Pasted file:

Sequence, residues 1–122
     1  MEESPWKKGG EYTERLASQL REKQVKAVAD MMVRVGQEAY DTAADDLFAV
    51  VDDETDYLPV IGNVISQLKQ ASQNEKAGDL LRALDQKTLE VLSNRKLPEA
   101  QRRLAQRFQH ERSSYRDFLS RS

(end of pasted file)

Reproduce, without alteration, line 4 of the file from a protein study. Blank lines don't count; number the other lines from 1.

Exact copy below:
   101  QRRLAQRFQH ERSSYRDFLS RS